Gauss' Method was applicable to the Gregorian calendar. He numbered the weekdays from 0 to 6 starting with Sunday. He defined the following operation: The weekday of 1 January in year number A is[6]

${\displaystyle R(1+5R(A-1,4)+4R(A-1,100)+6R(A-1,400),7)}$

where ${\displaystyle R(y,m)}$ is the remainder after division of y by m,[7] or y modulo m.

This formula was also converted into graphical and tabular methods for calculating any day of the week by Kraitchik and Schwerdtfeger.[7][8]

### Formulas derived from Gauss' algorithm

Gauss' algorithm for January 1 can be converted into methods for calculating the day of the week for any given date as follows.

• For the Gregorian calendar
Let A − 1 = year = Y, m = month − 2 mod 12 (March = 1,..., January = −1 mod 12 = 11 and February = 12) and d = days of the month, this formula becomes
${\displaystyle w=d+\lfloor 2.6m-0.2\rfloor +5R(Y,4)+4R(Y,100)+6R(Y,400){\bmod {7}}.}$
Let A − 1 = year = y + 100c, this formula becomes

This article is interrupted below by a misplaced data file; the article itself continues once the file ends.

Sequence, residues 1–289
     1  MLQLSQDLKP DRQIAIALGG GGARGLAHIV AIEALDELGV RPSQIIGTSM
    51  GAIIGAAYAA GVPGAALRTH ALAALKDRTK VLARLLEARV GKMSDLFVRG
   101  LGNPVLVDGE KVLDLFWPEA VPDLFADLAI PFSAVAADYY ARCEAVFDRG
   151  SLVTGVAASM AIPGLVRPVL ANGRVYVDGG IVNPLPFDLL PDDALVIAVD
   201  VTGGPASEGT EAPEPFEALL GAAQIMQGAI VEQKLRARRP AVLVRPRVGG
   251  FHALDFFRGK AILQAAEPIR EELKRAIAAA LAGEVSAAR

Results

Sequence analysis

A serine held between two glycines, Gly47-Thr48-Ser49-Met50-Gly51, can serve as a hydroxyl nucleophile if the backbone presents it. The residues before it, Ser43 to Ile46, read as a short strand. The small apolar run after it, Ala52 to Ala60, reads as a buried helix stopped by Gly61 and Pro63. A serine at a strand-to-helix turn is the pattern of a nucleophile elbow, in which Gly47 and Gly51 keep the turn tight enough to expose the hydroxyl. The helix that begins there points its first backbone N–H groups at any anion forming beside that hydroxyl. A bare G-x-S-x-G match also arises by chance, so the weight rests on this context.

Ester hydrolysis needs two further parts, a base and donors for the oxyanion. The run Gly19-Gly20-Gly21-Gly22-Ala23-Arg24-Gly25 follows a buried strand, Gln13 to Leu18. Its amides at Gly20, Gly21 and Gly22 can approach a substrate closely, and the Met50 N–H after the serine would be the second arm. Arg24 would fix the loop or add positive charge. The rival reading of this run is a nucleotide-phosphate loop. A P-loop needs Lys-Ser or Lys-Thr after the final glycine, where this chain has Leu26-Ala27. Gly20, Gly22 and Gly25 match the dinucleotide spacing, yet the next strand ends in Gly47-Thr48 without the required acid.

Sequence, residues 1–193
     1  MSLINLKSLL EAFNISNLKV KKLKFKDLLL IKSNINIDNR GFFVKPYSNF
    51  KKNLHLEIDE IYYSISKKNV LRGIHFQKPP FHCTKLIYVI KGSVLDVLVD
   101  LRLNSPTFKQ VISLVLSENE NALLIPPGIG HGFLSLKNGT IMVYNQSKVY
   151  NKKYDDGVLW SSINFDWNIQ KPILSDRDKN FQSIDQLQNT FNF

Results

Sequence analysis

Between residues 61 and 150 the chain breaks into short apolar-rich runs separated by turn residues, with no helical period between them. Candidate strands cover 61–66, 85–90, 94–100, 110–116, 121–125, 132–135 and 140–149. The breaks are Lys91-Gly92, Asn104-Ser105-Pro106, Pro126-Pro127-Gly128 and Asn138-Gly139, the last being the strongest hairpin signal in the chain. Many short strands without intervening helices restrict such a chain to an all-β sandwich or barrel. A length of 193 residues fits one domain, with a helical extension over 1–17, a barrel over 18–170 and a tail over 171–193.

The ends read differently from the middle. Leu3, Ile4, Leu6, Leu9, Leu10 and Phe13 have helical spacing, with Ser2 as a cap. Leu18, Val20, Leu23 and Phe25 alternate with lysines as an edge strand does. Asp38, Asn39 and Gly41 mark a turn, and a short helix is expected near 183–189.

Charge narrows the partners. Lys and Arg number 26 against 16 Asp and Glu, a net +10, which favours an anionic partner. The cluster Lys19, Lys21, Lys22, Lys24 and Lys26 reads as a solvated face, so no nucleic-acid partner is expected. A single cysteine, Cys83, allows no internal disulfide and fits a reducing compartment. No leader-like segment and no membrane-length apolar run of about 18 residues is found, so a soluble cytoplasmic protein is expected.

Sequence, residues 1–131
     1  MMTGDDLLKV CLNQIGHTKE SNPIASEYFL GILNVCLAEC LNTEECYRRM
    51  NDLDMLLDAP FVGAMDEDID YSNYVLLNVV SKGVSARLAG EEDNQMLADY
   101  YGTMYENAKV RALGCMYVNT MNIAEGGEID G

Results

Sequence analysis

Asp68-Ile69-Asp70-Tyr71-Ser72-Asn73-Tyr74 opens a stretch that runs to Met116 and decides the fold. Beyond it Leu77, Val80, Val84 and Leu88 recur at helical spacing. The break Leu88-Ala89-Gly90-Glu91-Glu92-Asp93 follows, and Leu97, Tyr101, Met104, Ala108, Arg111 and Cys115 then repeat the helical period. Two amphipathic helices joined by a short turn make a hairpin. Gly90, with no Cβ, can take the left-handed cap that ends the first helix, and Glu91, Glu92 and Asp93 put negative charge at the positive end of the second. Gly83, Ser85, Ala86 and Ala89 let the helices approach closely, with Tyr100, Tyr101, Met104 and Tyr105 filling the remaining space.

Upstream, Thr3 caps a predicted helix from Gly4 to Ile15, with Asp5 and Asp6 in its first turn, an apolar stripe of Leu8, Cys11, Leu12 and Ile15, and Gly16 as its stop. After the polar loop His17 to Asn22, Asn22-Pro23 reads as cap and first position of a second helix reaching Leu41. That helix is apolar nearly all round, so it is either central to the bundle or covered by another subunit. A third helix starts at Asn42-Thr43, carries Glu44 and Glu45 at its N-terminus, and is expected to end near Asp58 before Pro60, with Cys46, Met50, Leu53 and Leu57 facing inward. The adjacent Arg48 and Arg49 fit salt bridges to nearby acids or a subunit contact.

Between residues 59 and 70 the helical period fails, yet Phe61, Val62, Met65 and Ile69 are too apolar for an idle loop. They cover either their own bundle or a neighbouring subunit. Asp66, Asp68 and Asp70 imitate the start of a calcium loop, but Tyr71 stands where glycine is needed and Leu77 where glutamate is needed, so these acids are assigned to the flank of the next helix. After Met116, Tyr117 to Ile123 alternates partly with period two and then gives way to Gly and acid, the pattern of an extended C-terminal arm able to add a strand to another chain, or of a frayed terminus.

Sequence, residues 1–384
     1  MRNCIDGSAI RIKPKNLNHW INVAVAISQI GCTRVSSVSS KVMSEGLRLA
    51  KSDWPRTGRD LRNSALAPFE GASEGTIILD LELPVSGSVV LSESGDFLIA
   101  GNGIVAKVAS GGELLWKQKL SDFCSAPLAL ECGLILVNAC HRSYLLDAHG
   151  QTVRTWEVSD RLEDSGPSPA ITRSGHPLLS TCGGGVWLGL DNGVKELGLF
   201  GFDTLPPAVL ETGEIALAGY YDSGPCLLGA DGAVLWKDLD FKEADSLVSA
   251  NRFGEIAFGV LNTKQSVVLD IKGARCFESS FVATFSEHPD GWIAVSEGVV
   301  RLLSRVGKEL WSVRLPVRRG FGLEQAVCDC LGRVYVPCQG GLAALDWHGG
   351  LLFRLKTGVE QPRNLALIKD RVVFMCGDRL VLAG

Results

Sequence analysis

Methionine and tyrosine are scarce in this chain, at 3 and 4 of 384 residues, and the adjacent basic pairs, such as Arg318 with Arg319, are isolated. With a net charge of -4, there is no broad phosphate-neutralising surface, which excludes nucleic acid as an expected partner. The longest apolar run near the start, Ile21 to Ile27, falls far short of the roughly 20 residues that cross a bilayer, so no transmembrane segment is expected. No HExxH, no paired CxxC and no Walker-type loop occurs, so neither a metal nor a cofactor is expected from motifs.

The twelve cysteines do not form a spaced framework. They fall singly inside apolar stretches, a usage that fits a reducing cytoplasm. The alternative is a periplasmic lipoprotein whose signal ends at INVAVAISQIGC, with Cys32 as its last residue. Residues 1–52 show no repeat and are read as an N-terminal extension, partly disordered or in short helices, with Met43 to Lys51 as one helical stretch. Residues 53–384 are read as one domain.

${\displaystyle w=d+\lfloor 2.6m-0.2\rfloor +5R(y,4)+3R(y,7)+5R(c,4){\bmod {7}}.}$
• For the Julian calendar
${\displaystyle w=d+\lfloor 2.6m-0.2\rfloor +5R(Y,4)+3R(Y,7){\bmod {7}}}$
${\displaystyle w=d+\lfloor 2.6m-0.2\rfloor +5R(y,4)+3R(y,7)+6R(c,7){\bmod {7}}}$
• Note: year − 1 for January and February.
For January 1, 2000, the date would be treated as the 11th month of 1999,
d = 1
[2.6 × 11 − 0.2] = 28 mod 7 = 0
5R(99,4) = 5 × 3 = 15 mod 7 = 1
4R(1999,100) = 4 × 99 mod 7 = 4 × 1 = 4
6R(1999,400) = 6 × 399 mod 7 = 6 × 0 = 0
3R(99,7) = 3 × 1 = 3
5R(19,4) = 5 × 3 mod 7 = 1
w = 1 + 0 + 1 + 4 + 0 = 1 + 0 + 1 + 3 + 1 = 6 = Saturday.